The use of Technology-Enhanced Learning (TEL) to support teaching, learning and assessment in medical education is well documented and is often used to augment and enhance existing curricula. Reliance on TEL has also increased because students of today are considered to be digital natives and therefore, learn differently. However, it is observed that the medical faculty often lacks technology and pedagogical skills to incorporate TEL in their teaching. This chapter will focus on the authors' reflections on incorporating TEL in an undergraduate medical education at a private university in a developing country. The Medical College at Aga Khan University in Karachi, Pakistan has utilized both asynchronous and synchronous TEL tools to support its undergraduate medical curriculum. While faculty development activities have also been conducted to enable faculty members to learn to use technology in teaching, adoption of TEL has largely remained ad hoc. A recently conducted needs-assessment study is expected to provide a contextual framework for a systematic and program-wide adoption of TEL. Drawing on their experiences, the authors will identify the factors that facilitate and/or hinder the adoption of TEL in a medical college. The discussion will focus on core concerns of student-centered teaching, faculty apprehension, organizational readiness and the need for developing contextually appropriate practices of TEL for undergraduate medical curricula in the settings of developing countries.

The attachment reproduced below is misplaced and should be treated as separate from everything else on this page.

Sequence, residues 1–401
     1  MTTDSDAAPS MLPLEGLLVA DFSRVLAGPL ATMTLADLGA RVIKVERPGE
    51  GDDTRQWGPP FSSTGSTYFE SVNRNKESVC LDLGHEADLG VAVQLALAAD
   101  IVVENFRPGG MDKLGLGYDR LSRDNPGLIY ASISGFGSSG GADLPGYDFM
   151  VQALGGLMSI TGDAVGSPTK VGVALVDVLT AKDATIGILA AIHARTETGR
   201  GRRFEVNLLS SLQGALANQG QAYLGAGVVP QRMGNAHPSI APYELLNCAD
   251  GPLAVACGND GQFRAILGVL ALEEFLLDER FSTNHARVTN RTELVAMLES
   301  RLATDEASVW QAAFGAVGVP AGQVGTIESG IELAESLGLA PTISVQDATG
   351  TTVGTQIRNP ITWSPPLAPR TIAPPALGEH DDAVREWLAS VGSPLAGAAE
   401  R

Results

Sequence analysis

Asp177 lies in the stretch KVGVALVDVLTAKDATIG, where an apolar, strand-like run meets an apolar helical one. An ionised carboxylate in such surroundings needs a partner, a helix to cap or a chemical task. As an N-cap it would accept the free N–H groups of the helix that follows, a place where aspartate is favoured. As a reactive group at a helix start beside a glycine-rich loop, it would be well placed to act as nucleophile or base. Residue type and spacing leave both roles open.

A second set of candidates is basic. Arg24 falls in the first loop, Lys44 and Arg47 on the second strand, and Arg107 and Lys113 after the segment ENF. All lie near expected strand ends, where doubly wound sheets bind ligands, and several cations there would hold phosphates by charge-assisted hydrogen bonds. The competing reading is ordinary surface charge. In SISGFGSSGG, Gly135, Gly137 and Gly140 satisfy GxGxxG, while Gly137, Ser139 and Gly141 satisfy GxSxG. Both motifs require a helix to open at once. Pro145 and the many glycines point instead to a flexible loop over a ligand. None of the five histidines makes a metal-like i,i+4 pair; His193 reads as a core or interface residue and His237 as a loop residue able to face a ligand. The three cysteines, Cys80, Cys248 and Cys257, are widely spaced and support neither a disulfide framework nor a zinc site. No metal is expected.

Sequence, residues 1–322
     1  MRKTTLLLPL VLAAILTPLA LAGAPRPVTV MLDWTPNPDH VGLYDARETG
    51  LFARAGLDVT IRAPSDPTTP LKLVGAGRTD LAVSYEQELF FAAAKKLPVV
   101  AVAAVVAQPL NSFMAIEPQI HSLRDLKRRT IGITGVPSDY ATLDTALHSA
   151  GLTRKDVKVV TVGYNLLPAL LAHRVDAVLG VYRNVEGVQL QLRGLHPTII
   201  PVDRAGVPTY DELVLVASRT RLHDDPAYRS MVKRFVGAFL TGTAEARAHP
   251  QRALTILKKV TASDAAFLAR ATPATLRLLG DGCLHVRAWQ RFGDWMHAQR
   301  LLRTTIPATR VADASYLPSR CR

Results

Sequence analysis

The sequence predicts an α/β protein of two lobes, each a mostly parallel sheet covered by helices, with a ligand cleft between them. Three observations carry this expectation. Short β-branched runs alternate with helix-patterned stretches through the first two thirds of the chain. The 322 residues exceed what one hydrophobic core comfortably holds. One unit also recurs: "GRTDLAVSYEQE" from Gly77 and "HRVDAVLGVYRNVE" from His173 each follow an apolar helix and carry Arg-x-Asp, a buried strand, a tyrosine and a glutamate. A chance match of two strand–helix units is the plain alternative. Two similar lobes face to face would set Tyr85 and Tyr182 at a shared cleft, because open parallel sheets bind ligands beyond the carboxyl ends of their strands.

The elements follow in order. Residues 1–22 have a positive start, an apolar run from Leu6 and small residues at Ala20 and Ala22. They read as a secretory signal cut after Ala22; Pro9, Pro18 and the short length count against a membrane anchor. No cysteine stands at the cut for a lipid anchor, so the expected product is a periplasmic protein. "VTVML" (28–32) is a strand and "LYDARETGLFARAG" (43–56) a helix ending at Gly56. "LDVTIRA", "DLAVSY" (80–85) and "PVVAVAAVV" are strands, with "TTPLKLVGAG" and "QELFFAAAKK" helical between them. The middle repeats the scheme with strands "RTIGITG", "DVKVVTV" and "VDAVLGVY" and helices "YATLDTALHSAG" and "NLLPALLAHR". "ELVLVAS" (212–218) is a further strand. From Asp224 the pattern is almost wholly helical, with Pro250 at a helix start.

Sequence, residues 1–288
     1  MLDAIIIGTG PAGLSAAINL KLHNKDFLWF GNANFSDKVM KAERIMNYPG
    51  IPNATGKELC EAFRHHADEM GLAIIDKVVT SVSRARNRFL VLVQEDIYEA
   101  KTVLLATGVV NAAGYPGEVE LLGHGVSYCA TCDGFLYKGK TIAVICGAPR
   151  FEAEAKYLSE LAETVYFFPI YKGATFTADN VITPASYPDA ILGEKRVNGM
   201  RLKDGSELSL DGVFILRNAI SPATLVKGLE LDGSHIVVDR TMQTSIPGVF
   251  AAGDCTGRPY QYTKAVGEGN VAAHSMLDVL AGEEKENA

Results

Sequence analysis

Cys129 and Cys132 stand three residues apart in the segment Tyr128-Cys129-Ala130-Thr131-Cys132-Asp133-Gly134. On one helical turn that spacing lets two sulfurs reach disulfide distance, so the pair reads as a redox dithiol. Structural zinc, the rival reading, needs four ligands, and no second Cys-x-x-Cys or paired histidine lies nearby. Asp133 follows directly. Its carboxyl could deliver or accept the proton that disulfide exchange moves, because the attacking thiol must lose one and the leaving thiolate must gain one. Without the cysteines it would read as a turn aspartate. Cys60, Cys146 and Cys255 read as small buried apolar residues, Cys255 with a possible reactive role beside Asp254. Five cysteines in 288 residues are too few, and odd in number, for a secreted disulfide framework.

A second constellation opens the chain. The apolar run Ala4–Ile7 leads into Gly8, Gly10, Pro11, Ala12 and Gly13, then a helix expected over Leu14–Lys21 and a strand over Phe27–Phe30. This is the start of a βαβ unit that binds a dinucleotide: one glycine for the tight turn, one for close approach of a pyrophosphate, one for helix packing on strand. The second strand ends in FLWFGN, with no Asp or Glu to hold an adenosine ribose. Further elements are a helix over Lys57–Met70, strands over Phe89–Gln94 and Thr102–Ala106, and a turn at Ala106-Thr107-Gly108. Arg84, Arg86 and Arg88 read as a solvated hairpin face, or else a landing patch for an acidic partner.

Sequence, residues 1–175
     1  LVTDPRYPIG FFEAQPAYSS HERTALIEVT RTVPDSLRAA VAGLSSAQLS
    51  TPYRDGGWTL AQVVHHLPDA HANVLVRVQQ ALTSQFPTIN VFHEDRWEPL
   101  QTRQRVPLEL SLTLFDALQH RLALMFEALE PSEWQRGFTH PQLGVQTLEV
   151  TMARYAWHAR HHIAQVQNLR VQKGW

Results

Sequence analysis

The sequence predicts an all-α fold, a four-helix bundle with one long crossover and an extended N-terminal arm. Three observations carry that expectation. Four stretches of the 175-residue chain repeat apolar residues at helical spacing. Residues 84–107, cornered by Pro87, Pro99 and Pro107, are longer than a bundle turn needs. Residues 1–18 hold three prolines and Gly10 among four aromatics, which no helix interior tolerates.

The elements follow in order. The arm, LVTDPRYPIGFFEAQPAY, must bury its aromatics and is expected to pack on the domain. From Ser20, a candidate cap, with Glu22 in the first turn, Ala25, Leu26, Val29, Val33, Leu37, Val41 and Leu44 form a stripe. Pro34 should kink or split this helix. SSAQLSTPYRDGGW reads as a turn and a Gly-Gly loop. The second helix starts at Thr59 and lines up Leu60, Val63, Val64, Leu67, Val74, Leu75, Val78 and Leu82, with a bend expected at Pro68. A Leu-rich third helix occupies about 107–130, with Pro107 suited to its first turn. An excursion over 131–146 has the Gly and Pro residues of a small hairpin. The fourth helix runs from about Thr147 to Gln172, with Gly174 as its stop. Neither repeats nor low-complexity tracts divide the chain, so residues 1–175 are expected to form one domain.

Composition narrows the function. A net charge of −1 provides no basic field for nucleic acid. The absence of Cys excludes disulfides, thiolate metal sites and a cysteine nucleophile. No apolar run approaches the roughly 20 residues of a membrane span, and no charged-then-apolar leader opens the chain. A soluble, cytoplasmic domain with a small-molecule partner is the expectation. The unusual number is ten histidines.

|Title of host publication||Progress in Education|
|Publisher||Nova Science Publishers, Inc.|
|Number of pages||11|
|Publication status||Published - 1 Jan 2017|